• 2. boards. All of these have made the teacher´s job easier and more comfortablein different aspects. However, when talking about how these incorporationshave beneficial for their students, they mainly mention the “fun” factor orentertaining nature of the activities proposed. Showing videos or askingstudents to come to the front and work with the smart board, have becomestandpoints of this new educational perspectives. Recreation as an added value of technology environments should not beundermined. It is clear when observing the photos folder that supports thispaper that students show a relaxed body posture, amiable gestures to teachers,who are monitoring them from ”behind” with an attentive and encouragingattitude, answering to demands just when required, but allowing students tofollow their own pace of work. Nonetheless, teachers do not fully recognize the benefits of “the othertechnology”: the creative, collaborative, productive tool with which they couldempower their students allowing them to meet 21st century educational goalsand ambitions. Without a pedagogy wrapped around them, reading WebPages representsquite a static activity; it is only by a careful examination of new web2.0 tools thatstudents can take advantage of the interactivity they propose. Interactivity isalso a concept that needs some clarification, as teachers may think thatbecause the computer answers with an applause to right click or an “oops” towrong one, there is some degree of interactivity. Study Island and Kidspiration are two of the platforms that offer the kind ofinteractivity described above. Students surf around quite a number ofinteractivities that give immediate answer through sounds or graphical displayswhenever the students click the mouse.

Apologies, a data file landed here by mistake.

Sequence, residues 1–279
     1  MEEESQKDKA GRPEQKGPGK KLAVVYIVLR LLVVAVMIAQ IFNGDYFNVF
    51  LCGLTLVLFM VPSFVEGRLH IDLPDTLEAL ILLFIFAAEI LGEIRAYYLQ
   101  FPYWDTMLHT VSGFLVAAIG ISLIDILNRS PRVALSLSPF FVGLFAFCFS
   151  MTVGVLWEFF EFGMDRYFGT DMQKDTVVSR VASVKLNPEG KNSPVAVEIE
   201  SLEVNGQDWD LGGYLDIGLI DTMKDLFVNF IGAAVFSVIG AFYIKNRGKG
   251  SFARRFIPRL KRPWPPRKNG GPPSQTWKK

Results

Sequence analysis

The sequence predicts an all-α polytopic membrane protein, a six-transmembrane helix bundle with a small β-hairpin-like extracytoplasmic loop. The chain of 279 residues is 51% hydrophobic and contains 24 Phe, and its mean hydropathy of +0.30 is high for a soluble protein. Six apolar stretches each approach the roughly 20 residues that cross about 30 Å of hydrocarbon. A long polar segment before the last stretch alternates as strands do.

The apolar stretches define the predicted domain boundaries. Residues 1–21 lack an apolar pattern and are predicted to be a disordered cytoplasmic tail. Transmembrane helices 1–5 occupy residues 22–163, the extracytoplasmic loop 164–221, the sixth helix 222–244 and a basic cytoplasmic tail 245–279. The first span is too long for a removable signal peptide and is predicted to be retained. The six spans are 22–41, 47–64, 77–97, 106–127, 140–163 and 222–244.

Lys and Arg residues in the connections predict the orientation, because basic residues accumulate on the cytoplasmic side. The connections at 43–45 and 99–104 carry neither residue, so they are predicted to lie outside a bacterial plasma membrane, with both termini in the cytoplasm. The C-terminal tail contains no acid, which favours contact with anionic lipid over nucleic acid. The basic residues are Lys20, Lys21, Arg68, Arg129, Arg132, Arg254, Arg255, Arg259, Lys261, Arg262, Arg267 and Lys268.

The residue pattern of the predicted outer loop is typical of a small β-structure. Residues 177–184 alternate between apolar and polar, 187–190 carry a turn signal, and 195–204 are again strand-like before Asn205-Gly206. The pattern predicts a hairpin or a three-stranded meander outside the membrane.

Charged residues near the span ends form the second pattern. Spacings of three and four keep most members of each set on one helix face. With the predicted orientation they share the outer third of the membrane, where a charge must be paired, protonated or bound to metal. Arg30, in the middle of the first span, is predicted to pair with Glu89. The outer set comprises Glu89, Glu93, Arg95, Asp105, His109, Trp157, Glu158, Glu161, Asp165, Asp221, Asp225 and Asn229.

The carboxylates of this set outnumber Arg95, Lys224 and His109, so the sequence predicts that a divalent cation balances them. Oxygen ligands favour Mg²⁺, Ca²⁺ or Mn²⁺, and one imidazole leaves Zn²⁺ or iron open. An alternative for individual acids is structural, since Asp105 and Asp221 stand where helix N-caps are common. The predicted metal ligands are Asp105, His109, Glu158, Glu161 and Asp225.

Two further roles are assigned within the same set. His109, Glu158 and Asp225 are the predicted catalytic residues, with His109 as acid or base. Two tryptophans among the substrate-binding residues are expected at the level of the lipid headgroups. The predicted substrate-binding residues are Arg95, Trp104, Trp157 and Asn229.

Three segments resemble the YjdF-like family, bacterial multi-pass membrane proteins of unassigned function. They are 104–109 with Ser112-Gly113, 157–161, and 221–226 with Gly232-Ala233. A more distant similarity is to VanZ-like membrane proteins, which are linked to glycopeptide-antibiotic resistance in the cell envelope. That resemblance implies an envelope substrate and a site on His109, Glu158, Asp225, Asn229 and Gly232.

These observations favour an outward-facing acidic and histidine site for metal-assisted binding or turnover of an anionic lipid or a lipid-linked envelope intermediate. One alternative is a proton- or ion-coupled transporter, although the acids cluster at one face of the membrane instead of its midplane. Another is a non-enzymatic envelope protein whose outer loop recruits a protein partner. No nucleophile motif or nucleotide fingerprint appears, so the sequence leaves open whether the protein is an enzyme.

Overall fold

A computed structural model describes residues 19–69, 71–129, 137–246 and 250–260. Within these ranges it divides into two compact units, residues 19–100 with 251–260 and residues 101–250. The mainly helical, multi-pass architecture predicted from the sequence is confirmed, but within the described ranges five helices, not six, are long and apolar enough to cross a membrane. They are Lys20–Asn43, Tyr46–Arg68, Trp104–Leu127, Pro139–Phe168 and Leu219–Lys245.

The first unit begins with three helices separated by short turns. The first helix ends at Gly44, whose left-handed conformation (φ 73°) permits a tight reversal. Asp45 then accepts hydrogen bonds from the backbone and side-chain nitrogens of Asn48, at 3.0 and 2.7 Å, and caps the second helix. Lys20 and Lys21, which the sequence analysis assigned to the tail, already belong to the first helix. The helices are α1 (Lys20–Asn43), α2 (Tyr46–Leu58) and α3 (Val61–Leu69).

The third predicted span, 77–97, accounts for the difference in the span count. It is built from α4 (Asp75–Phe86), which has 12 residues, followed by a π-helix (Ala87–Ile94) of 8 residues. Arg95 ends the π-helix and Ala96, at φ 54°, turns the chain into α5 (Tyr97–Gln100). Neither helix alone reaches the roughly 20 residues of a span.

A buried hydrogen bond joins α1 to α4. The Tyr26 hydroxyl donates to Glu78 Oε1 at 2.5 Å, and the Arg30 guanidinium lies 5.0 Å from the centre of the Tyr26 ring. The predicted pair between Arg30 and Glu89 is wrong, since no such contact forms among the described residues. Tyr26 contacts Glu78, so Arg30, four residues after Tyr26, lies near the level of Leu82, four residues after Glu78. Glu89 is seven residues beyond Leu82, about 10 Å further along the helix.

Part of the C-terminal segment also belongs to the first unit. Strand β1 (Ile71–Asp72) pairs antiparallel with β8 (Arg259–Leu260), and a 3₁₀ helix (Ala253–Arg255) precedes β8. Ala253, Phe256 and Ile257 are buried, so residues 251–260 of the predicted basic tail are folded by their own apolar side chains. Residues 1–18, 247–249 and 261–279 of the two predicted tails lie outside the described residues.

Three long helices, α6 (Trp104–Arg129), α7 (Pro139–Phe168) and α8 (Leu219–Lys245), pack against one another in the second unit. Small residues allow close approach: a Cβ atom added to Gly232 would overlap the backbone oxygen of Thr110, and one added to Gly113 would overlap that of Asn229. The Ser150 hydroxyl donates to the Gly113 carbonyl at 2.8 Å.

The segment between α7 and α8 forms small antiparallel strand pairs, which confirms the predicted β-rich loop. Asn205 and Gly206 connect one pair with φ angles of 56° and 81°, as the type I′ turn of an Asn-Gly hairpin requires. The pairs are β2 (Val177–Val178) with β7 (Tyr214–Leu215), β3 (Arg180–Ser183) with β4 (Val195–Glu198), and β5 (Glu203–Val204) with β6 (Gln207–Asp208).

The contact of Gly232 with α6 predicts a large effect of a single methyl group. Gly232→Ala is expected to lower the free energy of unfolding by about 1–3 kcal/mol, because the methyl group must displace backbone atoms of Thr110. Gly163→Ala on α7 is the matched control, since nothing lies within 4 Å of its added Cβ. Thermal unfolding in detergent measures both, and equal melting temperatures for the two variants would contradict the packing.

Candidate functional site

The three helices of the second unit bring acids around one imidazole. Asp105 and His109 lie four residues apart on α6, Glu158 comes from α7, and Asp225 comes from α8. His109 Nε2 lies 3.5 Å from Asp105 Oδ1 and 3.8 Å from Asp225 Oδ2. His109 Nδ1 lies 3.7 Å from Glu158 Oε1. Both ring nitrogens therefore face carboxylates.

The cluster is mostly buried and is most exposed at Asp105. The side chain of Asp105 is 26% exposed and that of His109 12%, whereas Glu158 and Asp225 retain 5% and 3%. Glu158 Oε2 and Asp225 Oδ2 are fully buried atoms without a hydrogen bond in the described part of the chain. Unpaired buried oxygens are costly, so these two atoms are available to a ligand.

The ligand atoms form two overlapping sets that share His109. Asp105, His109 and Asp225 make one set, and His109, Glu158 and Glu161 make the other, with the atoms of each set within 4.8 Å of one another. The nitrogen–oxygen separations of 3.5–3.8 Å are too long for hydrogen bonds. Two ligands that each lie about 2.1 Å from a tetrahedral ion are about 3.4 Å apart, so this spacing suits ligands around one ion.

• 3. Both a methodology TA (teacher´s assistant) and a graduate ESOL student,mention in their interviews social networks and other web 2.0 as powerfulinteractive tools where students and teachers can find a milliard of resources toincorporate in their practices, as well as different kinds of CMC tools (e.g.,skype, blog, wiki, etc.) which they have incorporated into the instruction. Thus, awider meaning can be applied to this concept after web 2.0 resources invadedthe education field. Now it should also cover the instances in which studentsactively participate in some collaborative written or speaking tasks with usersconnected synchronically or asynchronically in virtual contexts. Only one of the interviewees mentions task-based learning as amethodological approach which can give a suitable frame inside whichlanguage teachers can embed their technological incorporations. However, inboth field notes presented in this paper, the reader can see that teachers gettheir students involved in creative tasks that involve the use of technology. Suchare the cases of the blogs being followed by students at Montgomery Blair HighSchool and the environmental project with which the 5th grade teacher isworking at Clarksville Elementary School discussing the issue of water in theirarea, involving the kids in a wiki context in which they publish the findings oftheir research. We need a few words of caution though; technology only offers a set ofpowerful tools that are methologically neutral, which mediate our experiences incertain ways. These experiences that we create for our students to interact withthese resources are what add value to the tool. These experiences should alsooffer the 21st century curriculum certain benefits that should fit in thetraditional one.